It's all the cultural references. I watch this series and am literally transported back in time. The music, the clothes, the tech references, the movie call outs, the setting generally, it just all serves to transport me back to a time in my life that is filled with enchantment. The show is a veritable smorgasbord of nostalgia. More than that, though, it takes this nostalgia and makes it relevant to today, it makes it timeless.

I loved how in season 2 (slight spoiler alert) the new character Bob uses his knowledge of BASIC programming to save the day when they are trapped in the lab. Somehow managing to make it seem new and relevant to the time as well. Despite the fact that such a hi tech lab might have used a more updated program, the fact is it just rang with truth. The computer classes I took in high school were all BASIC programming classes. And the only two other programs I knew about at the time were COBOL and FORTRAN. Either way, it was a brilliantly executed scene and exactly the kind of nerd time transport I'm talking about.

In today's world it is increasingly difficult for 70's and 80's nerds to be nerds. Nerddom is so much wrapped up in the popular media and fandom that it is not even considered sufficiently nerdly anymore--it is just popular culture. The fact that a show like Stranger Things can even exist is proof enough of that. Which brings me to my second point.

Why do I like AD&D so much? The same reason I love BASIC, and ATARI, and the original Star Wars trilogy (so much better than all the others) and 12" GI Joes, the original yellow and black suited X-Men, and lead minis. Nostalgia. Okay, maybe not exactly the same reasons, but damn close.

I currently play 5e (slightly modded for old school) with my kids, two family friends each Sunday night and we all love it and have a good time. Yes, I would rather be playing AD&D. Truthfully I would also like to be playing with my old high school gaming buddies too, but am I missing something? My kids love comic books, Harry Potter, all the Star Wars movies, the new Star Trek movies and TOS, and they love playing Dungeons & Dragons, my eleven year old daughter just told me game night is her favorite night of the week along with her gymnastics practice night.

Do I dare let my grognardly nostalgia interfere with their Stranger Things days right now? Wouldn't I have loved it if my dad played D&D with me? The one time we sat and had an extended conversation about how to start my own campaign world is one of the most memorable conversations we have ever had, for me at least. He took the most recent copy of the Austin American Statesman newspaper and drawing from the headlines helped me plan out a land of nations divided by a huge chasm, where one side of the chasm were really poor hard working folk and the the other side were richer families who used the poor to work for them with the idea that their increasing prosperity would serve the poor as well. But the poor weren't prospering and what's worse the middle class where being forced across the divide. This led several factions of the poor to ally with various monsters in their bid to defeat the rich, and over throw the nobility. It was much deeper than that with all sorts of side plots, but basically it was my first campaign and the only one I have ever heard of built on Ronald Reagan's idea of trickle down economics.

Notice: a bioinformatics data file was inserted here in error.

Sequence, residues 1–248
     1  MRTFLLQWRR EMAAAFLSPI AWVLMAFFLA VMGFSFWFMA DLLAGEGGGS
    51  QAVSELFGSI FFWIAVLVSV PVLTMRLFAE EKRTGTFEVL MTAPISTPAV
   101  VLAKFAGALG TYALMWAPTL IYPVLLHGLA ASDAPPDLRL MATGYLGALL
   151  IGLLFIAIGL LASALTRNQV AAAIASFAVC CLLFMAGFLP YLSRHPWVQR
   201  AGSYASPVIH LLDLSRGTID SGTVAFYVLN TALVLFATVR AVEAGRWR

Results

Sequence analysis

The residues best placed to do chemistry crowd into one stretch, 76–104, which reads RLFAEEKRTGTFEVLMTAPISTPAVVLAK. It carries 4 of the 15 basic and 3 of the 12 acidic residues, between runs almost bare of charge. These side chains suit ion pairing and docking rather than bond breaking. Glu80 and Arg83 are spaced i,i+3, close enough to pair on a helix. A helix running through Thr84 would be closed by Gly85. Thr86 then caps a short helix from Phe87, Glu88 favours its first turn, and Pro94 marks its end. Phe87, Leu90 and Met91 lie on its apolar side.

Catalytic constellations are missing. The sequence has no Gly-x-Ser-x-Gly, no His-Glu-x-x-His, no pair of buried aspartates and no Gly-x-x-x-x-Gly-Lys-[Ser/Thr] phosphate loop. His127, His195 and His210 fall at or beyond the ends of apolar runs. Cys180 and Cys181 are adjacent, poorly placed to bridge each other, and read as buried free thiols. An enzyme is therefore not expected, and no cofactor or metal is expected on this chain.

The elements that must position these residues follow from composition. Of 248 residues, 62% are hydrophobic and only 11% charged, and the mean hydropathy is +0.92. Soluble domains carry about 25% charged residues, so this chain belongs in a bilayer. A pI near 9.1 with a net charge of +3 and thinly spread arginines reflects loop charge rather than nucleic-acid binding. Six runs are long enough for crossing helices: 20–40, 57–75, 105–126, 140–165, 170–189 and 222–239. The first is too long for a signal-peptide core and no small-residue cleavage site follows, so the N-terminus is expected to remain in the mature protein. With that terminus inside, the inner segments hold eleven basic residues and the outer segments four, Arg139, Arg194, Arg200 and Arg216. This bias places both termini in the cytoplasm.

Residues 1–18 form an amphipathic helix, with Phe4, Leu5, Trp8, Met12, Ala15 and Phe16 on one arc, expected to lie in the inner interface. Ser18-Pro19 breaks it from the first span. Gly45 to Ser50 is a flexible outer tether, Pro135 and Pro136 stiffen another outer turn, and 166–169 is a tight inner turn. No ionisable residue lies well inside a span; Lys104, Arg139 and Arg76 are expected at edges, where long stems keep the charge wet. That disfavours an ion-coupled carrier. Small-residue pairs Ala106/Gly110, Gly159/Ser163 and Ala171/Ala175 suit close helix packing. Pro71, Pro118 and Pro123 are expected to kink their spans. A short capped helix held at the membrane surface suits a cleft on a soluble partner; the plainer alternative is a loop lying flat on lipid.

What memories will my kids have with me and our games? And what will they think if I crap all over the new Star Trek movies, or how Marvel and DC are crapping all over canon with their new film releases? Or how I cant stand digital comic books? No, I need to relax, and be the supportive one in their days of geekdom. I'm sure when they grow old they will begin to feel like me. They will curl up at night reading their old 5e players handbooks pining for the good old days and they too will have sweet memories that can be conjured up by shows like Stranger Things.

Tuesday, October 24, 2017

Why Did You Change That Rule?

Dungeons & Dragons has always existed amidst dichotomies. One of the most frequently experienced at the table is the injunction within the rulebooks of the game that the rules are not the most important thing. Gary Gygax points this out early on in the evolution of the game, and explicitly in the AD&D rulebooks appointing the Dungeon Master as the ultimate arbiter. At the same time, some very specific rules were laid out in the books, quite a few in the case of AD&D, which seem to be begging to be followed.

In point of fact the very openness and flexibility of Original Dungeons & Dragons seemed to be answered by the specificity of rules outlined in AD&D. It was quite common that players of the game would even write, call or speak up at conventions to ask pointed questions about rulings and game rules, or the absence thereof. Often these questions involved very specific situations that had arisen in the game on which a rule was needed or clarification of interpretation was required. The exactness and multiplication of rules in AD&D did not fix this situation entirely, and some might say compounded it. However, it could be argued that the multiplication of rules in the Advanced edition of the game was a direct response to the lack of rules previously.

It could also be argued that the Advanced game had more rules simply because it was "advanced" and hence lent itself to more complex gameplay. Whichever argument might win out, the dichotomy was here to stay. Now, whether the original intention of the statement that the rules are a guide came about because it is simply impossible to cover every conceivable rule to cover every possible situation that might arise in a D&D game; or if it arose out of a desire to place imagination and flexibility in the hands of the master and players of the game, is hard to know. Likely, it was a combination of the two, the first pragmatically, the second idealistically.